Centrioles and Centrosomes

Animal cells often contain a centrosome, which includes a pair of centrioles located near the nucleus and cylinders of microtubules. These organelles play a crucial role in cell division by helping in the formation of the spindle fibers that separate chromosomes during mitosis. Although some plant cells have structures similar to centrioles, they generally lack these organelles and have alternative mechanisms for spindle formation during cell division.


While both plant and animal cells contain vacuoles, the size, function, and number can differ significantly. In plant cells, a central vacuole often occupies up to 90% of the cell’s volume. This vacuole stores nutrients, waste products, and helps in maintaining turgor pressure. Animal cells may have several smaller vacuoles that mainly function in storage, excretion, and intracellular digestion.


Predominantly found in animal cells, lysosomes are membrane-bound organelles containing hydrolytic enzymes. These enzymes are essential for breaking down waste materials and cellular debris. Plant cells, on the other hand, have similar structures called lytic vacuoles, which serve a similar function but are structurally different.


Both plant and animal cells have ribosomes, which are the site of protein synthesis. However, the ribosomes in chloroplasts of plant cells, which are responsible for synthesizing proteins needed for photosynthesis, are more similar to those found in prokaryotic cells than the ribosomes in the cytoplasm of either plant or animal cells.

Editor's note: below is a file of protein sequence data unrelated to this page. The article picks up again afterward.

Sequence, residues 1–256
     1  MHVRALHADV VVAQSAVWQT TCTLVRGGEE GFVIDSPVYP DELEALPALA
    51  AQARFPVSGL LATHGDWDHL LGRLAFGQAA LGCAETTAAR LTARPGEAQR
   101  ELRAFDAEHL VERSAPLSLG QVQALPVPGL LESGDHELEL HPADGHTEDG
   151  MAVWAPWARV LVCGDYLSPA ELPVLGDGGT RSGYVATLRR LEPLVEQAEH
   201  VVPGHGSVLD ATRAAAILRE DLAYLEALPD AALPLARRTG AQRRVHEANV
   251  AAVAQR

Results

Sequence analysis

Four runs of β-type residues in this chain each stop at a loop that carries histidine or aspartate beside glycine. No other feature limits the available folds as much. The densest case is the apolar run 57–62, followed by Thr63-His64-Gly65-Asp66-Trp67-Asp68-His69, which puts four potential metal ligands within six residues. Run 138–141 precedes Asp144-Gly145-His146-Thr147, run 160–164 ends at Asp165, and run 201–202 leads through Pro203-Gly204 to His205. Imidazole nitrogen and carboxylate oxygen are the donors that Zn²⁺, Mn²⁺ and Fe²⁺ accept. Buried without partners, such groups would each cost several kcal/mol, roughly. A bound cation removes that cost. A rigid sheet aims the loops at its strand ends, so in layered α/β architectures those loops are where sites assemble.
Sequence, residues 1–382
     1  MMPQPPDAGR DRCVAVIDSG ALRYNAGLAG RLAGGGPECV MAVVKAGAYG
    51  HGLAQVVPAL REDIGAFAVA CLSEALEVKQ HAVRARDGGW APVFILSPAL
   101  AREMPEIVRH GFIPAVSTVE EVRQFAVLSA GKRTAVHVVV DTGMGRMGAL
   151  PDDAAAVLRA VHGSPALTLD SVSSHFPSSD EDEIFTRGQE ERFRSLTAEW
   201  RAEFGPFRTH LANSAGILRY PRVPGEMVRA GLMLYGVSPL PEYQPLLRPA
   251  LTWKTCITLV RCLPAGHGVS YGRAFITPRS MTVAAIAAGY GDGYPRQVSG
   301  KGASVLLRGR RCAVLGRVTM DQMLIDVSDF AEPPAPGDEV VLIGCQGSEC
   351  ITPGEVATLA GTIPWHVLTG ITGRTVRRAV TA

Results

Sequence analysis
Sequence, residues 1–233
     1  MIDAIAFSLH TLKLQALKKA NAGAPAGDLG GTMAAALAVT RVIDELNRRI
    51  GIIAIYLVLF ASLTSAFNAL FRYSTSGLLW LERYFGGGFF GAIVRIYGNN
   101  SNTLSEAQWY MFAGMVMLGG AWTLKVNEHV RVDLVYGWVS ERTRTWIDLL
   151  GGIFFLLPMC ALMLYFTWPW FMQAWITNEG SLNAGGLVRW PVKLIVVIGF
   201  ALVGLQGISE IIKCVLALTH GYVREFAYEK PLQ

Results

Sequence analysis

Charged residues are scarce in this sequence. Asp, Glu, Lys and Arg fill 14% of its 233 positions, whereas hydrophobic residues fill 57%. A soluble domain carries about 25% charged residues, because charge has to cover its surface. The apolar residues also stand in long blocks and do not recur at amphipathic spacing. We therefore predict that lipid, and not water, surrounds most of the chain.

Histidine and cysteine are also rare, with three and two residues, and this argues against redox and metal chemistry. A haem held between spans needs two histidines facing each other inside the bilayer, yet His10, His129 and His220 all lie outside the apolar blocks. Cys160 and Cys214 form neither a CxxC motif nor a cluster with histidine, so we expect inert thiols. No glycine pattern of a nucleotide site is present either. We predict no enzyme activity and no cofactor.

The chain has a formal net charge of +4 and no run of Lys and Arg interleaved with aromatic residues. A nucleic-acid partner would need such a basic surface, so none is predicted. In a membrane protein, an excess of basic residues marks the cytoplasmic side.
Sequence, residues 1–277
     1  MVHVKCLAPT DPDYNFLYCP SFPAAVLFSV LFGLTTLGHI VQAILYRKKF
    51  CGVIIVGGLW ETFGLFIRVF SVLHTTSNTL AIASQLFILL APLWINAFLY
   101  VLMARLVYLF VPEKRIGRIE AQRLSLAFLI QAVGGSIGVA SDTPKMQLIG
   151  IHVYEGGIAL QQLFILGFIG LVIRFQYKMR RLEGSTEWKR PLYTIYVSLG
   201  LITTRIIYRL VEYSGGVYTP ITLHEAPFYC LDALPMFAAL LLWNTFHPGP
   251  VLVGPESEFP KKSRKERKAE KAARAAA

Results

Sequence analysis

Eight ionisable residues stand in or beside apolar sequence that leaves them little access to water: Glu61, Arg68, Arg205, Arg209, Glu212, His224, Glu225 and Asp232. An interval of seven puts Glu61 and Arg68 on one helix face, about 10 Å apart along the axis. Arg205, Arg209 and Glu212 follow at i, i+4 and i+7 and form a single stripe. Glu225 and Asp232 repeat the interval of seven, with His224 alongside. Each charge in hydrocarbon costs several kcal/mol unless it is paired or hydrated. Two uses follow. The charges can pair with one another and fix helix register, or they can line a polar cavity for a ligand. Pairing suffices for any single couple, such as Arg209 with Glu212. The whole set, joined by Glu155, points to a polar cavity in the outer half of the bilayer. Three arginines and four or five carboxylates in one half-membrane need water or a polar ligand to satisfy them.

Plasmodesmata vs. Gap Junctions

Plasmodesmata are tiny channels found in plant cells that allow for communication and transport between neighboring cells. Animal cells don’t have plasmodesmata; instead, they use structures called gap junctions to facilitate intercellular communication.


Present in plant cells, especially in the germinating seeds, glyoxysomes play a pivotal role in lipid conversion to carbohydrates. These specialized peroxisomes are absent in animal cells.

Cilia and Flagella

Cilia and flagella aid in cell motility. Mainly animal cells have these structures (but not all animal cells). So do some plant cells, too, but they are absent in higher plants.

Summary of the Difference Between Plant and Animal Cells

FeaturePlant CellsAnimal Cells
Cell WallPresent (Cellulose)Absent
CentriolesGenerally AbsentPresent
VacuolesLarge Central VacuoleSmaller Multiple Ones
RibosomesCytoplasmic and ChloroplasticCytoplasmic Only
Communication ChannelsPlasmodesmataGap Junctions
In addition, plant cells often are larger than animal cells. Animal cells (except eggs) range from 10 to 30 micrometers in diameter, while plant cells range from 10 to 100 micrometers in length. Also, plant and animal cells store different energy molecules. Plant cells store starch, while animal cells store glycogen.

In conclusion, while plant and animal cells share a foundational cellular structure and machinery, the differences in their organelles and structural components are adaptations to their unique roles in nature. These differences underscore the complexity and adaptability of life at the cellular level.